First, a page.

MUSC News Center
Deepwater Horizon oil spill affects dolphins, ecosystem
By Dawn Brazell | News Center | Nov. 24, 2014
Photo provided by NOAA
|Dr. Jean Hermann takes a dental x-ray of a dolphin onboard the RV Megamouth during dolphin health assessments in Barataria Bay, Louisiana.|
Beyond the cuteness factor, bottlenose dolphins draw the interest of researcher Lori Schwacke for their role as a top level predator.
Schwacke, Ph.D., chief of Oceans & Human Health Branch of the National Oceanic and Atmospheric Administration (NOAA), began researching the health of bottlenose dolphins in the Gulf of Mexico following the Deepwater Horizon (DWH) oil spill. Schwacke said the dolphin health assessments in the aftermath of the DWH were only possible because of the long-term research her team had been conducting to understand the health of marine mammals in coastal waters, and the factors that influence their health.
“These dolphins are top level predators in coastal ecosystems in the Gulf, and the loss of a top level predator can have cascading effects within that ecosystem. Also, the health of the dolphins reflects the condition of the broader ecosystem. Our dolphin health research is critical so that we are not only prepared to assess the impacts of events, such as the DWH spill, but also so that we can understand effects of more gradual, but long-term environmental changes.”
HML researchers continued efforts in 2013 to assess injuries to dolphins in the Gulf of Mexico as a result of the DWH oil spill, expanding health assessment studies to include dolphins in Mississippi and Alabama waters in addition to the previously sampled dolphin population in Barataria Bay, Louisiana.A dolphin health assessment study in 2011 led by HML researchers found that dolphins in Barataria Bay, an area that received significant and prolonged oiling from the DWH spill, suffered from a number of disease conditions. Barataria Bay dolphins showed symptoms of hypoadrenocorticism, consistent with adrenal toxicity previously described in experimental studies of mink exposed to oil. “Cortisol, produced by the adrenal gland, is essential for responding to stressful conditions. Barataria Bay dolphins had abnormally low cortisol concentrations and this could ultimately lead to a number of complications and in some situations even death.”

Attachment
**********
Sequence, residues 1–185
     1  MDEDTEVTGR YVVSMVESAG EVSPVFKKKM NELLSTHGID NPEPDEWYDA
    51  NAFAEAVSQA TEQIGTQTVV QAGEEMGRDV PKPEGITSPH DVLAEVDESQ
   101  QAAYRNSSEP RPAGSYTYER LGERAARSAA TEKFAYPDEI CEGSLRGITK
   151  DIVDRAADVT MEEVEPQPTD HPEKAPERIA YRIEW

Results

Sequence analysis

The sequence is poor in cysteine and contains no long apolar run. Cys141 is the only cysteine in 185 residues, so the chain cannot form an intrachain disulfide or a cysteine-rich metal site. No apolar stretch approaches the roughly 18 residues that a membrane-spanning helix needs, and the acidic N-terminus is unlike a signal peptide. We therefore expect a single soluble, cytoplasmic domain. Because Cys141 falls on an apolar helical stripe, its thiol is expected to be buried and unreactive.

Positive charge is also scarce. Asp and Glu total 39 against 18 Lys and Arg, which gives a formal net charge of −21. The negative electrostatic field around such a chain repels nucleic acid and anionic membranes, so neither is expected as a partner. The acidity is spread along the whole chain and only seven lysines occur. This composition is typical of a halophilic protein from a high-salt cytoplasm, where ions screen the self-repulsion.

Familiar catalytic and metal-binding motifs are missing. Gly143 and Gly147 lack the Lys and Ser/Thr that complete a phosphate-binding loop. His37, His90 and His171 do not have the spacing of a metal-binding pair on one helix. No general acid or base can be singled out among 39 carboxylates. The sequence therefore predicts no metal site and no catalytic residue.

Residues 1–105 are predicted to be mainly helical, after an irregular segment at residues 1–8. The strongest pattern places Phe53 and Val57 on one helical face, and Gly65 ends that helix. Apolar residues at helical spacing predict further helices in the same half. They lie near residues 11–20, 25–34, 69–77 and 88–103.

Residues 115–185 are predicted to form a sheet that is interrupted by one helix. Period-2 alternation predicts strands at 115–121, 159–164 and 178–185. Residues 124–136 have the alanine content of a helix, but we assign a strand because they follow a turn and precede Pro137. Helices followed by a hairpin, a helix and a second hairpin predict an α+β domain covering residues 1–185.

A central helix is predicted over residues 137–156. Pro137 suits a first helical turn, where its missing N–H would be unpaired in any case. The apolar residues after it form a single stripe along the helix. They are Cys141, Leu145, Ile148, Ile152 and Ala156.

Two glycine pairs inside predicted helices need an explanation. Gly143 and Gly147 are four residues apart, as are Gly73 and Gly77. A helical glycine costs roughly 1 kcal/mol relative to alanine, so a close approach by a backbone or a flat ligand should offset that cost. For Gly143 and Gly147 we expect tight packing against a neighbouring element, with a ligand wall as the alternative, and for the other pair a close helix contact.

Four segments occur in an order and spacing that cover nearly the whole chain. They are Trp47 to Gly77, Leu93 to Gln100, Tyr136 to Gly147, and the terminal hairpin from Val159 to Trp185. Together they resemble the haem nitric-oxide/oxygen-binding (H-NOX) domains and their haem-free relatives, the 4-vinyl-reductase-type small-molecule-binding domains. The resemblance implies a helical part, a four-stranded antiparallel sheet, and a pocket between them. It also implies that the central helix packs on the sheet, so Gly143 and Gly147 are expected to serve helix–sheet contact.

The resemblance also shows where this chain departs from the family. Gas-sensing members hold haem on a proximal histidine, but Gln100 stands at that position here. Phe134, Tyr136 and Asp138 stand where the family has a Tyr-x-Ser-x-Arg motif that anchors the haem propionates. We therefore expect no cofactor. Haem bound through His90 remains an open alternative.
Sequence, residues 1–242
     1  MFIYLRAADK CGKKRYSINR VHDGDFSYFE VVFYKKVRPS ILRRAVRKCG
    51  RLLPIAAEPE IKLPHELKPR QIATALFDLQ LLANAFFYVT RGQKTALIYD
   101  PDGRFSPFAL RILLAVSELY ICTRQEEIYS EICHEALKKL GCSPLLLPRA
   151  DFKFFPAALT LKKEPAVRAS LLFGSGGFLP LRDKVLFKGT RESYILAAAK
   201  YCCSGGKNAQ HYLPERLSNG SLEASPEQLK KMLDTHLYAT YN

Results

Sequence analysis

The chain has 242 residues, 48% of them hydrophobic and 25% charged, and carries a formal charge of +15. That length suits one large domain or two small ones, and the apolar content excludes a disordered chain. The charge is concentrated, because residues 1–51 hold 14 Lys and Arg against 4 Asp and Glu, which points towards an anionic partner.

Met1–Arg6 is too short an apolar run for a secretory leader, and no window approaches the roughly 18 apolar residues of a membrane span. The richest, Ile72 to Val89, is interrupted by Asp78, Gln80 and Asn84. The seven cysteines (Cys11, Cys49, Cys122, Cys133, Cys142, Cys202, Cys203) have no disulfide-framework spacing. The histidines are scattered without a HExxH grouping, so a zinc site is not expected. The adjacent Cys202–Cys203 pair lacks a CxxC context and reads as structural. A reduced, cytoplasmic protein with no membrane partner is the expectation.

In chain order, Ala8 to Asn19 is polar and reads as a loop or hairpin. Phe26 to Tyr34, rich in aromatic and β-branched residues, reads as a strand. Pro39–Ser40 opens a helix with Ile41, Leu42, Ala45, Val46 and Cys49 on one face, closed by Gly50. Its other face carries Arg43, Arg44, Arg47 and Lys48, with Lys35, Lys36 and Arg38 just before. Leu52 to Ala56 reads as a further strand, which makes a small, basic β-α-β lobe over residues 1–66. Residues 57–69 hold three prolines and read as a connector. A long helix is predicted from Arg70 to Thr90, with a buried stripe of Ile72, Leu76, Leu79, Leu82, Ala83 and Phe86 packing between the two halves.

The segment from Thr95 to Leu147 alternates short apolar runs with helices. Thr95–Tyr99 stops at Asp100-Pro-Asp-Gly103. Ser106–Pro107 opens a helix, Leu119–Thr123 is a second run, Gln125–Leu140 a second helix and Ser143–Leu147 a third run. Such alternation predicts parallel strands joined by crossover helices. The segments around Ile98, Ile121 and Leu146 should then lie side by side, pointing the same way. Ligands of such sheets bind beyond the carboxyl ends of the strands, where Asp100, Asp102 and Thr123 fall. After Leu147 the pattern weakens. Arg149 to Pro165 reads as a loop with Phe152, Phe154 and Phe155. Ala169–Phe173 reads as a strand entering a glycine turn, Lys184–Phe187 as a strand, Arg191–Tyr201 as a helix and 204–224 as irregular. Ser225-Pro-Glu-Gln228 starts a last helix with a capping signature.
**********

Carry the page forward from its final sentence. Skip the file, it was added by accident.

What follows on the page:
The Barataria Bay dolphins also were five times more likely to have moderate to severe lung disease, sometimes characterized by lung masses.
The health assessment study was repeated in June 2013 to examine whether the health of Barataria Bay dolphins had improved. Researchers from the HML Genomics Core joined the collaboration and sampling was conducted to examine how gene expression profiles may differ among dolphins with different disease conditions. New field-based techniques for dental examination, including radiographs, also were added.Sampling also was expanded to include Mississippi and Alabama coastal waters, and improved satellite-linked tags were used to monitor dolphin movements for several months following their evaluation.
Laboratory analyses of samples and follow-up photographic monitoring in the study sites will continue in 2014, she said. The potential population-level impacts of the DWH spill are still being assessed, but the high prevalence and severity of disease conditions and an ongoing rise in dolphin deaths in the northern Gulf of Mexico raise significant concern and suggest the need for continued monitoring, she said.
That ties into work being done in other labs, such as that of MUSC researcher Louis Guillette, Ph.D. Schwacke, who is a part of MUSC’s Marine Biomedicine and Environmental Sciences program, said the HML collaborative environment is a scientific catalyst. “Having someone down the hall who you can bounce ideas off of is fantastic.”
For more information on MUSC’s Marine Biomedicine and Environmental Sciences, visit its website.